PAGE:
When your car won’t start, it’s easy to immediately jump to the battery as the problem. If a voltage test, however, shows that the battery is fine, the issue could very well be the battery cables. These oft-overlooked components connect the car battery to the other electrical components under the hood, like the alternator and the starter. When these cables become compromised, typically through corrosion, it does not matter how much juice your battery has – the car is not going to start because no energy is getting through the cables to where it needs to go.
You can detect corrosion in your battery cable ends and connectors by the presence of a whitish, powdery substance. You can try commercial connector cleaner to see if that fixes the problem. If it doesn’t, it may be that the cable is corroded under the surface of the coating – this happens when battery acid travels down the connector and into the cable’s covering. This kind of damage is difficult to detect and cannot be fixed, so you may find yourself having to replace the entire thing.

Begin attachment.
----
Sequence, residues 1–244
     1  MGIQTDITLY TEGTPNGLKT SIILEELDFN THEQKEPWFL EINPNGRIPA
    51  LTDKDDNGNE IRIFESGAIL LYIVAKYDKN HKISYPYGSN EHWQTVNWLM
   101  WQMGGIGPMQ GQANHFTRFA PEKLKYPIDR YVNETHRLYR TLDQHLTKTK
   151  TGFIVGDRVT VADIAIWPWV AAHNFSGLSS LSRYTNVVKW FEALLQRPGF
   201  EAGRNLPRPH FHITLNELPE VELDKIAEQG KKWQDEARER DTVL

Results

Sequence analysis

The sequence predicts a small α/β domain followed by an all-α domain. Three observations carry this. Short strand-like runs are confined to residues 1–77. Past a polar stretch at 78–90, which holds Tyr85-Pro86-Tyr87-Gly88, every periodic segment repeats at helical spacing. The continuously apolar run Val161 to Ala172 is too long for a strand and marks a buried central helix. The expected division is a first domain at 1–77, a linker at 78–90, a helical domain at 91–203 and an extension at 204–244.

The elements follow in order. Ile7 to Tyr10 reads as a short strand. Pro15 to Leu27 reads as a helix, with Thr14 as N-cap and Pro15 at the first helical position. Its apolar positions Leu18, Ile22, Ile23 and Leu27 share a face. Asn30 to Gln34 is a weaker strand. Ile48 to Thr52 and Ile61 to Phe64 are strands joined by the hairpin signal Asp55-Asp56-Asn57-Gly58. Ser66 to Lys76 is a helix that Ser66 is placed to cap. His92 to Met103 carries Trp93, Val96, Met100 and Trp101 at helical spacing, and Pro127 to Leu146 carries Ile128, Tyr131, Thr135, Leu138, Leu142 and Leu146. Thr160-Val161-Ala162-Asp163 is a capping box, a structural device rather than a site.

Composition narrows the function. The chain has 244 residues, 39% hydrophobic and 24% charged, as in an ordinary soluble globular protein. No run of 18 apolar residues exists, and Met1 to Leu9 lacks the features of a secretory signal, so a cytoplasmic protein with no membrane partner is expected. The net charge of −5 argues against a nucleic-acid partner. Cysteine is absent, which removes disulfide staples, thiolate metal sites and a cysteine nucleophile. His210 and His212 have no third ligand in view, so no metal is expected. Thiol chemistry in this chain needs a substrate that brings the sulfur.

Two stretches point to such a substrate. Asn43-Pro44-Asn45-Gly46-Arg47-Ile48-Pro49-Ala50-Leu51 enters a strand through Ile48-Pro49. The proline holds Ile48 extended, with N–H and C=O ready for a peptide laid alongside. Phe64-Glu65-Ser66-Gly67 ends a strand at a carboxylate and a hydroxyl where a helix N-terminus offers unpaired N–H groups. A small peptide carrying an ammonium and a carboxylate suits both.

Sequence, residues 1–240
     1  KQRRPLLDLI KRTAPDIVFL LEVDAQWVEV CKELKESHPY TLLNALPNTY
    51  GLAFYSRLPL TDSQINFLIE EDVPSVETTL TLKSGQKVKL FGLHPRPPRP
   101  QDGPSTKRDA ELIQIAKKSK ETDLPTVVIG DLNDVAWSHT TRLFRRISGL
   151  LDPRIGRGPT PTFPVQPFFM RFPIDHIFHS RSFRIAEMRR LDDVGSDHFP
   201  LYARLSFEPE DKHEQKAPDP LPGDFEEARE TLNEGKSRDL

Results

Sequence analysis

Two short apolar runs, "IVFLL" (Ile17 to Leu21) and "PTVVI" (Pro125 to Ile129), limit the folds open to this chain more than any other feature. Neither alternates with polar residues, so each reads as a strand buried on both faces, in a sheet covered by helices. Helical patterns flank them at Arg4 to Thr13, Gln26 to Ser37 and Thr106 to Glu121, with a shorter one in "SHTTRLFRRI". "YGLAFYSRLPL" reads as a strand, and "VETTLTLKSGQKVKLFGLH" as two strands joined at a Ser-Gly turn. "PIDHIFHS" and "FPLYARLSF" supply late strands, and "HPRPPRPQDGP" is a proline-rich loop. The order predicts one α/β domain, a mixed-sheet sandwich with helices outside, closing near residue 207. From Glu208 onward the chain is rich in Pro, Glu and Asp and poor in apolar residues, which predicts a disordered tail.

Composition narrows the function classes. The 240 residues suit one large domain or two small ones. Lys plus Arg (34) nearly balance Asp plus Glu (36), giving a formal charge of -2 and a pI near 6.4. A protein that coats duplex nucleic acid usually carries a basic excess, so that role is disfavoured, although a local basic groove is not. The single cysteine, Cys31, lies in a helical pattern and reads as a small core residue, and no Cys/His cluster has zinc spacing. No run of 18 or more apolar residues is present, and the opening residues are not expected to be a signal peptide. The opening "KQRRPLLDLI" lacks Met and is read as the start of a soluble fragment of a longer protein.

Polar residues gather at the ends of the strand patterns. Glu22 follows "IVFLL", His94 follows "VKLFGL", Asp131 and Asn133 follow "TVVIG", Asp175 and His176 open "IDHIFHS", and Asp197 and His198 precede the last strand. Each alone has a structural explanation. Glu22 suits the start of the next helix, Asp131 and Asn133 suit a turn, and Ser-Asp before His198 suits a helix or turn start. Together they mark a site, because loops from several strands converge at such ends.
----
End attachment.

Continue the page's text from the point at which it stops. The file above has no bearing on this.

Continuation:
A few things to keep in mind to make sure you’re getting good quality battery cables:
Check your owners manual: Check your owner’s manual or manufacturer’s website to make sure you’re getting proper gauge of cable. Most four- and six-cylinder vehicles use 2 gauge cable for the battery.
Low-temperature flexibility: Look for low-temperature flexibility. This is particularly important if you live in a cold climate, because it allows for better resistance to cracking and other stress-related damage.
Durability: Choose a cable with good heat, ozone, oil, abrasion, and cut-through resistance.
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This article originally appeared on YourMechanic.com as How to Buy Good Quality Battery Cables and was authored by Valerie Johnston.